# False position method

This article is about a root-finding algorithm. See all root-finding algorithms

## Contents

## Definition

**False position method** is a root-finding algorithm that is qualitative similar to the bisection method in that it uses nested intervals based on opposite signs at the endpoints to converge to a root, but is computationally based on the secant method.

Unless otherwise specified, the function will be denoted .

## Initial exploratory phase

The exploratory phase of the false position method involves finding a pair of input values at which the function has opposite signs. This could be done by running the usual secant method and evaluating at each stage until we get to opposite signs, *or* by some other means. Once we have found two points in the domain at which the function value has opposite signs, we are ready to begin the false position method *proper*.

In the point estimate version of the iterative step, we will label these two initial guesses as and (so that and have opposite sign). In the nested interval version, we will label the smaller of them as and the larger as .

## Iterative step

### Point estimate version

At stage , for , we find the largest for which has sign opposite to . We then define:

More details are below.

**Prior knowledge**: Prior to beginning stage :

- We have a previous set of guesses .
- We know that and have opposite sign to each other (this is the initial condition). Therefore, among the values , we know that there are both positive and negative values.

**Iterative step**:

- We find the largest such that and have opposite sign.
- We compute:

### Nested interval version

We start with an initial interval (here is the smaller of and from the original setup, and is the larger of them).

At stage for a positive integer

**Prior knowledge**:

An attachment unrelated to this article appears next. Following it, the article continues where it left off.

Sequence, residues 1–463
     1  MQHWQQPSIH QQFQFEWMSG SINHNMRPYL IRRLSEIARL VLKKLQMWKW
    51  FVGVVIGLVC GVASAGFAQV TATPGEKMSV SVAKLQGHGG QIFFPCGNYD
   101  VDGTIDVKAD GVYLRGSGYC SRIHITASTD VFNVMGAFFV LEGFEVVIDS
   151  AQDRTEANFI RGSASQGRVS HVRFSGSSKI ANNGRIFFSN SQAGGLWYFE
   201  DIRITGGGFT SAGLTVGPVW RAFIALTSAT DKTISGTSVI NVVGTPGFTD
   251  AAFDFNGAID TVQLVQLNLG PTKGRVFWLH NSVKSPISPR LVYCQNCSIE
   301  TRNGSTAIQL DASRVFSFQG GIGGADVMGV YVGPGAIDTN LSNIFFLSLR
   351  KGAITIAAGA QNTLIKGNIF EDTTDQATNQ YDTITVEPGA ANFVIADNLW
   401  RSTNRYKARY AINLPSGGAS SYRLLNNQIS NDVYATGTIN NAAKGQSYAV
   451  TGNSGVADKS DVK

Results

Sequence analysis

- and are both numerically distinguishable from zero (so they have defined signs, positive or negative) and they have opposite signs.
- Combining that with the fact that is a continuous function, the intermediate value theorem tells us that has a root on .

**Iterative step**:

- Compute:

Note that since and have opposite signs, this is a convex combination, and therefore .

- In the case that (or is numerically indistinguishable from zero), we declare that as the root and terminate the algorithm.
- In the case that has opposite sign to (and therefore the same sign as ), the new interval . Explicitly, and .
- In the case that has opposite sign to (and therefore the same sign as ), the new interval . Explicitly, and .

The values of as obtained here are the same as the values of in the preceding description. The main advantage of this description is that we are storing the intervals as we construct them rather than merely the point estimates, so that some aspects of how the procedure works are more transparent.

## Convergence rate

### Convergence for linear functions

In the case that is linear, we reach the root in one iteration after we have found values where the function has opposite signs. In fact, even if we applied the secant method directly, we would terminate in one step.

### Convergence for twice differentiable functions

*Fill this in later*